Perspective is never easy.
Nestling in Derbyshire's beautiful Peak District, the small village of Eyam lay quietly unaware of what was about to hit it; and propel it into the annals of history for ever.
London -160 miles away - existed in most minds only through talk in the MIner's Arms ale house with stories from the occasional travelling merchant.The Pestilence as it was known had struck London earlier in that year of 1665, but it was hardly the first epidemic England had experienced. To the villagers this may well have looked like one more fanciful tale.
London and Eyam were worlds apart. That is, until 355 years ago, when a simple bundle of fabric & second-hand clothing from the City brought Eyam out of its rural slumbers; crashing into a world of horrifying contagion and infection.
Eyam's patient zero was a lodger living with the local tailor. In the late summer of 1665 the tailor's residence received a consignment from London. Within a couple of weeks the lodger and most of the household were dead, and by the end of that year almost 50 other villagers had also died.
It is thought that the folds, linings and pockets of the tunics and knickerbockers in the London delivery were infested with plague-carrying rat fleas. No science, however, existed then to explain such things. The sweet scent of contagion was one of the common signs of plague, and drawing the correct conclusion from what almost certainly was the wrong evidence helped convince Eyam that the disease was likely transmitted through proximity to a smell in the air around them. Fleas were not suspected.
That winter Eyam’s epidemic seemed to be a over. However as more rats and more fleas re-appeared in the warmer weather of the following summer, the dreaded plague returned with a vengeance.
By all accounts surrounding areas were unaffected, but how could the spread be halted? In the absence of any other authority locally the role of what we now call ‘the science’ was probably taken by the village Church.They may have heard of 'The Plague Orders' already in place in London; and Christianity after all had a track record with plagues: the Bible was full of them.
From the mid summer of 1666 - a full nine months after the first fatality, with the death toll now rising daily and the epidemic probably at its peak - no villagers were to pass beyond boundary stones set half a mile outside the village centre. A type of cordon sanitaire was belatedly installed. Provisions were left at the boundary by outsiders, principally through the support of the Earl of Devonshire on the Chatsworth Estate. Some tried to flee, there were reports of quarantine breakers being rebuffed by force. The social and religious pressures must have been stark set against the basic human instinct of self preservation.
The more well-off locals had already long since managed to move elsewhere when the outbreak first arrived. Even the resident vicar had dispatched his two small chidren out of harms way to relatives in North Yorkshire; but poorer folk probably felt trapped. There was no such thing as being furloughed: those who could do so just had to keep on working as best they could.. Nobody talked of the 'R-number', there was however a belief that if the village could go four or so weeks without a reported plague death, then the pestilence, still believed to be airborne, would have likely evaporated . . . . be spent.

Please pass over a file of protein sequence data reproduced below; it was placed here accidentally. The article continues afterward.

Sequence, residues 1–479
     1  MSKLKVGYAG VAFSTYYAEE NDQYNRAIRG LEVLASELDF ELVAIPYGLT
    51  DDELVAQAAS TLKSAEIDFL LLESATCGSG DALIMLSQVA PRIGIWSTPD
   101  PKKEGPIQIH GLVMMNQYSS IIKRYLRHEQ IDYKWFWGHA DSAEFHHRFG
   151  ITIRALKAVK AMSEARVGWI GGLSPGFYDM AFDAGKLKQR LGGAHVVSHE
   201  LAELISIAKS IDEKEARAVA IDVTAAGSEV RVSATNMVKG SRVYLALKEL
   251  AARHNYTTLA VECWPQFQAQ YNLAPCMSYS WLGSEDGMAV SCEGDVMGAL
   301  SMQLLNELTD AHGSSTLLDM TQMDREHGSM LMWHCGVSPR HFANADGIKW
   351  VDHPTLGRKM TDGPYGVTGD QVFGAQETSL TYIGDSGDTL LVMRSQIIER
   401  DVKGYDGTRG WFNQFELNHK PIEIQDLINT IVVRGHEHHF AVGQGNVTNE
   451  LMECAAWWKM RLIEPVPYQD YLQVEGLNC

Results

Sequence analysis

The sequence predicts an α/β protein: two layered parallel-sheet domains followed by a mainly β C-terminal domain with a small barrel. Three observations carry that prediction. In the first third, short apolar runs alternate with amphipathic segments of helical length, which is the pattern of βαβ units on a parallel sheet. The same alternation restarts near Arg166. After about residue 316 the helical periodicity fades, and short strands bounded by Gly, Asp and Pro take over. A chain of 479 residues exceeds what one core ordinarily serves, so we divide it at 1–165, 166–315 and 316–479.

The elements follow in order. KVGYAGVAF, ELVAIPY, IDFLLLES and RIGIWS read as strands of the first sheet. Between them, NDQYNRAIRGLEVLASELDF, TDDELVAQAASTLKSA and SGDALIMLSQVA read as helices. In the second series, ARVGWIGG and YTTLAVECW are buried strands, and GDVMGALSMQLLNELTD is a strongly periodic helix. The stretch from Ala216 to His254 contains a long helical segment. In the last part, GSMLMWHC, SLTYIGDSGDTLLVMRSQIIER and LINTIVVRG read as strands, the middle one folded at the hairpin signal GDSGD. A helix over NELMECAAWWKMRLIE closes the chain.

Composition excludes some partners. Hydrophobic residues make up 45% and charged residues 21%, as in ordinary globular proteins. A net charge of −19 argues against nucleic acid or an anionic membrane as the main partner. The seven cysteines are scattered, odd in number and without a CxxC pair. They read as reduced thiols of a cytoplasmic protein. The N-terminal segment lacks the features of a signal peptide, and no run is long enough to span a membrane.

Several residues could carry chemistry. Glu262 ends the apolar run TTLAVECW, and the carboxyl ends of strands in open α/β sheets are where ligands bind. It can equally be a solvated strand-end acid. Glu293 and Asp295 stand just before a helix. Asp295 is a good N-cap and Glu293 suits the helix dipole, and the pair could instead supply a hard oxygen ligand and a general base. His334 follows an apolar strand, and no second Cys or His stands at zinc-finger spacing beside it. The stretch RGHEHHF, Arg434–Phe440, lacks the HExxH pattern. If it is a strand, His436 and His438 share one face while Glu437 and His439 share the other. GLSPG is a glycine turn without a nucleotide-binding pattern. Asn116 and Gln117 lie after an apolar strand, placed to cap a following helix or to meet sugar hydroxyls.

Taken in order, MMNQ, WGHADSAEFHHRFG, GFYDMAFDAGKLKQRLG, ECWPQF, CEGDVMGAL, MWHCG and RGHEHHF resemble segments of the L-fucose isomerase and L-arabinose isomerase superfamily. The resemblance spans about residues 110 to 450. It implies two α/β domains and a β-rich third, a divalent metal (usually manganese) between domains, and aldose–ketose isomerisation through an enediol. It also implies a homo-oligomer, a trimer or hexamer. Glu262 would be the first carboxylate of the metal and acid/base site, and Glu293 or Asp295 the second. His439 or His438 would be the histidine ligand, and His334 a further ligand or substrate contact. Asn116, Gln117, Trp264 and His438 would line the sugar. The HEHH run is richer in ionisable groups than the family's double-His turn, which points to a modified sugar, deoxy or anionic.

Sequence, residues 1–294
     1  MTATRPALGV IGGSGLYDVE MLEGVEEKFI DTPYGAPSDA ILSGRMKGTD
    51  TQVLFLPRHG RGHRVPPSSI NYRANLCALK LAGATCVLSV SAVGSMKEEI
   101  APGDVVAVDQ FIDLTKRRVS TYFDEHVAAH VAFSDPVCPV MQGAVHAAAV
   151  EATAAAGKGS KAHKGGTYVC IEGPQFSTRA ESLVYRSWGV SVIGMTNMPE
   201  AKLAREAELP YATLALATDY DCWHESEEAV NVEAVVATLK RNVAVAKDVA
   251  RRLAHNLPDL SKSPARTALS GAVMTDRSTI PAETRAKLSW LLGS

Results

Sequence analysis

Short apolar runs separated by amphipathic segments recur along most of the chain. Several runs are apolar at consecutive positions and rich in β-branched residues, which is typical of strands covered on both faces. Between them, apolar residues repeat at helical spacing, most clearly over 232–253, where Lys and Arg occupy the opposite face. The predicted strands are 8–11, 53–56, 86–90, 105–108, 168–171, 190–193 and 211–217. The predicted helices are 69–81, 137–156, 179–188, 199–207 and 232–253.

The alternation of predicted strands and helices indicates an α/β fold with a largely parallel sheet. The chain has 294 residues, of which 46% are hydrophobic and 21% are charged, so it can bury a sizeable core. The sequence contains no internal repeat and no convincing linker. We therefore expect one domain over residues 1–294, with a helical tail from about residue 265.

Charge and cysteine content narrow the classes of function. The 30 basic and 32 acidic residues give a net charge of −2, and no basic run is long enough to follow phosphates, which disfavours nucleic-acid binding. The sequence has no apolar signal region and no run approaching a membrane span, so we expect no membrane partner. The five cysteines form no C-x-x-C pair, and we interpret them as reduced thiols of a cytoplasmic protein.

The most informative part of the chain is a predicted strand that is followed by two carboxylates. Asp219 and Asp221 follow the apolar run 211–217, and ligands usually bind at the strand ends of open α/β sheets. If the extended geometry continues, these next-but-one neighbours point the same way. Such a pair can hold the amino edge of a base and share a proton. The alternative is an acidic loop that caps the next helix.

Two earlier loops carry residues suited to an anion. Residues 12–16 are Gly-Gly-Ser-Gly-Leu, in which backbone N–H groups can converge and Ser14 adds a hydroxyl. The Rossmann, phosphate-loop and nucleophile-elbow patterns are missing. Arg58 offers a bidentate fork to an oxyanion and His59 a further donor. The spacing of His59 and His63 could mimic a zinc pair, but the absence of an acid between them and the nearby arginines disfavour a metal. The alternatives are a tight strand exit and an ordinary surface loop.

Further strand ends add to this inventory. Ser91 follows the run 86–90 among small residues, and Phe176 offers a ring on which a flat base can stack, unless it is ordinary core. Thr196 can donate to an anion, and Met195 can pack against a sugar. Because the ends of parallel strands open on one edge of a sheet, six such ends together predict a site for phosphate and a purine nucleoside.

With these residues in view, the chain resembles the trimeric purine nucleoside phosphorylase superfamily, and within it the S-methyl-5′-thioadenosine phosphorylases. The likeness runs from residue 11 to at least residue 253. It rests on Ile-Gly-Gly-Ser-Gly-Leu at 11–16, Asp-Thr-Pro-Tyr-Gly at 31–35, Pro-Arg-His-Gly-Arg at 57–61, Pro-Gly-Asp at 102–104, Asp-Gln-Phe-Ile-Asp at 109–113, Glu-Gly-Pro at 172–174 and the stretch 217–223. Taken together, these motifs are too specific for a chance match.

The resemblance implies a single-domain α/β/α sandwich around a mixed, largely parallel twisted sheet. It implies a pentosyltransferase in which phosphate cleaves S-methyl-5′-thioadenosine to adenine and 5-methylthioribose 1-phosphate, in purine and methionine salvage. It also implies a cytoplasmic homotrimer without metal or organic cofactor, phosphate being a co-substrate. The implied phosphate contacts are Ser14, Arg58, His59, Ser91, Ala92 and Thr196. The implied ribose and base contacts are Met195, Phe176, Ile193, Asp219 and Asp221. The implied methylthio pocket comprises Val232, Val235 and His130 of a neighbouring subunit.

They were so close to being right . . . . but they reckoned without fleas.
Eyam was decimated: 260 villagers died of the plague. Estimates of mortality ranged between a third and two-thirds of all the inhabitants. People being kept together would have not only confined the spread but also intensified it.
Eyam’s experience does nothing to help settle today's coronavirus dilemma between ‘herd immunity’ and ‘flattening the curve’. Herd immunity however was arguably what finally ended this epidemic; but at a terrible cost. The village, its survivors immune, could safely come out of their 22 weeks of isolation . . . . and the rest of the region could breath a sigh of relief.
Remarkably Eyam’s dire plight went largely un-heralded for well over a hundred years until it was taken up by moralisers and poets for its lessons in heroism and 'the greater good'. Today visitors to our lovely village see the 'chocolate box' cottages themed with their information plaques and suppose in a rather sanitised way that this tragic story is neatly closed; lessons learned.
The suffering and tragedy of 17th century Eyam deservedly attracts reverence of course, particularly from the existing locals who show such collective faith in their ancestor's story.
Nevertheless understanding history - any history - is never as straightforward as we might want it to be.There is always fog to remind ourselves that nothing is ever black and white.
Today, and perhaps more than ever before, the objectivity of the Eyam plague story is overwhelmed by a sea of subjectivity.The limited primary evidence, the rhetoric, the bias, the motives, even the conclusions all too easily blur into one.
Perspective is never easy.
The Plague Doctor in Schools
Suitably adapted for Key Stage Two children.
The Plague Doctor visiting the classroom as
part of your school Plague project is a must.
An hour of clever, interactive fun without the
inconvenience and cost of visiting Eyam . . .
or as an irresistable prologue to your visit to
the Plague village. When kids are laughing
and are curious; they are learning.
Please book early - these educational sessions are in high demand